Like many boys who grew up in the 1980s I developed a close relationship with the James Bond films.
A perennial fixture on British television, and at the local video rental, the films were ones I watched and re-watched. For m
any years my favourites were the Roger Moore films, especially The Spy Who Loved Me, Moonraker and Octopussy. They were light and fun and simple to follow. Around 1989, at the grand age of 10, I found my tastes shifting. This was probably due to the onset of adolescence, but also the effect of the new, dark-gothic, Batman film which providing a richer form of escapism than I was used to. This in turn lead me to the comics of Frank Miller and Alan Moore, adding more layers to a character I had once known in Adam West’s fabulously campy performance. And into my nascent more cynical world came Timothy Dalton’s Bond films.
Dalton’s Bond has always been something of a problem. When the films came out, The Living Daylights in 1987, Licence to Kill in 1989, critical reaction was split. Over the years, spurred on by the lapse in production between Licence to Kill and Goldeneye in 1995, and Dalton’s decision to step away from the role after only two films, there has grown a consensus that the films are failures (particularly Licence to Kill). Whereas the once reviled On Her Majesty’s Secret Service (1969), and its star George Lazenby, have been revisited and reappreciated Dalton’s two films remain in the shadows of what came before and after. This was not helped by the dip in box-office that Licence to Kill encountered when it was released into the summer of 1989 when Batmania was in full swing.
During that gap of six years I, however, discovered them. They existed only as VHS recordings of edited versions shown on television, but I didn’t know any better. They led me to reading all of Fleming’s Bond novels (and most of John Gardner’s continuation series), revisiting the earlier Connery films and, in a proper sign of teenage obsession, joining the official fan club whose publication 007 Magazine I devoured ravenously.
With no new movies to watch I could only look back and took to memorising as much information as possible. I was a full-blown Bond nerd.
When 1995 rolled around I had become manic in expectation of James Bond’s return. I would scour the papers for news, buy any magazine that had Pierce Brosnan on the cover, tape the Tina Turner music video when it was on television and watch it back for clues as to the film’s content. This was, of course, before the internet so spoilers were much harder to come by. The novel adaptation was duly absorbed, the television spots and trailers waited for, in a sense of almost religious fervour. And then it debuted, and it was as good as anything I could have hoped for. Goldeneye seemed to unify Connery and Moore while the film updated the traditional Cold War setting in a clever and relevant way. Bond was back on top.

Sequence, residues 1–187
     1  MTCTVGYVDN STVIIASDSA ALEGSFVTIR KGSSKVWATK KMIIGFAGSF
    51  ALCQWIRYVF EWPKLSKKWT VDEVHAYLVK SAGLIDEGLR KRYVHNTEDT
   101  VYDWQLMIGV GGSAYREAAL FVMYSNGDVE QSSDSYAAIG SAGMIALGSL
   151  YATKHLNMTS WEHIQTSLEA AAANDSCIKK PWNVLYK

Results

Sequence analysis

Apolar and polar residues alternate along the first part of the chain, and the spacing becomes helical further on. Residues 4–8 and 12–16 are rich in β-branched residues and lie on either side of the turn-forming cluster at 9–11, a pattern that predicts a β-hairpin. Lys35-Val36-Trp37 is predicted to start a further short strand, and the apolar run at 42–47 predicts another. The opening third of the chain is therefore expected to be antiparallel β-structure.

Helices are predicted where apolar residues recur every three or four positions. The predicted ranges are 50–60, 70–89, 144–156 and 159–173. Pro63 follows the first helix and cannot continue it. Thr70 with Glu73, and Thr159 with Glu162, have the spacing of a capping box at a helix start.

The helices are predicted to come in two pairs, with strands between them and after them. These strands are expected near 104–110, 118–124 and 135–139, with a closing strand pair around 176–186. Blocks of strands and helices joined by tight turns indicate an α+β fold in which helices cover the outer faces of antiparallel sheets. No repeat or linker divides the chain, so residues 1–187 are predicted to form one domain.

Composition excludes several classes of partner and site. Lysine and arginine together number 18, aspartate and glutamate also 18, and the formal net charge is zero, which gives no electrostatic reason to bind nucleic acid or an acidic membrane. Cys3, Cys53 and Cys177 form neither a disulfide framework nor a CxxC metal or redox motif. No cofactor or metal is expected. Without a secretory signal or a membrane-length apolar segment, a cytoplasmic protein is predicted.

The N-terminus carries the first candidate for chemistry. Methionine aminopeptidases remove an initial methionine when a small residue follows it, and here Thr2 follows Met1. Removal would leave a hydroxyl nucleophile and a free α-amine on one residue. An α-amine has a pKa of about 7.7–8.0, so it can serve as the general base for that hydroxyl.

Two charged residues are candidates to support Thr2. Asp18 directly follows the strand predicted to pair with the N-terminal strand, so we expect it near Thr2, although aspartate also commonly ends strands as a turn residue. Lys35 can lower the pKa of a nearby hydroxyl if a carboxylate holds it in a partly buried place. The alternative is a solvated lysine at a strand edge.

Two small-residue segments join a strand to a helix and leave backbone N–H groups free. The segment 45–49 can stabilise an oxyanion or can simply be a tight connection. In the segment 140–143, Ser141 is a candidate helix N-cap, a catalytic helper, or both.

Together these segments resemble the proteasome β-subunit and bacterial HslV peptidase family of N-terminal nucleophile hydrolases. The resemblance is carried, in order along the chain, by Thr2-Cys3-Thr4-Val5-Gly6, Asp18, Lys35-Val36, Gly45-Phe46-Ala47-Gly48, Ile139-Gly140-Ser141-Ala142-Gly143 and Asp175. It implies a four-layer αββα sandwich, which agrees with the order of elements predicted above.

Yet something was a bit off. It was during the opening sequence – itself an excellent stream of action and stunts – that it became evident. It was set in 1986. With one stroke Dalton’s films were removed. In all probability the date was a reference to when Brosnan was first cast as Bond (only to be denied by his television contract) but it felt like an odd slap in the face to a Dalton fan. As Brosnan’s films descended into special effects, thin characterisation and absurdity, Dalton’s films grew for me. Here was a version of Bond that seemed closest to Fleming, a more grounded sense of the character to whom killing wasn’t a game and the women weren’t so disposable. Dalton would never have worn x-ray glasses or driven an invisible car, nor have such a penchant for kissing dead women.
Die Another Day relieved me, after 12 years, of my Bond obsession. Sure, some of the Moore films were bad, in retrospect, but this was worse (not helped by some poor CGI and the stunt casting of Madonna). The producers seemed to know it and, despite healthy box-office, took the radical decision to reboot the series.
So, why return to Dalton now? It’s coming up to 30 years since the release of Licence to Kill and it remains in many circles an underappreciated film. This book is intended to draw greater critical attention to Dalton’s films and reevaluate them as a radical attempt to change the Bond series for the better.
In an interview in 2014 Dalton opened up about why he left the series. A man who was never comfortable with global fame and the associated intrusion into his private life discussed how he would have to commit to more films to continue. He was unwilling to make such a commitment: “I thought, oh, no, that would be the rest of my life. Too much. Too long. So I respectfully declined” (Meslow, 2014). It occurred to me that Dalton had disagreed with something that ate him.
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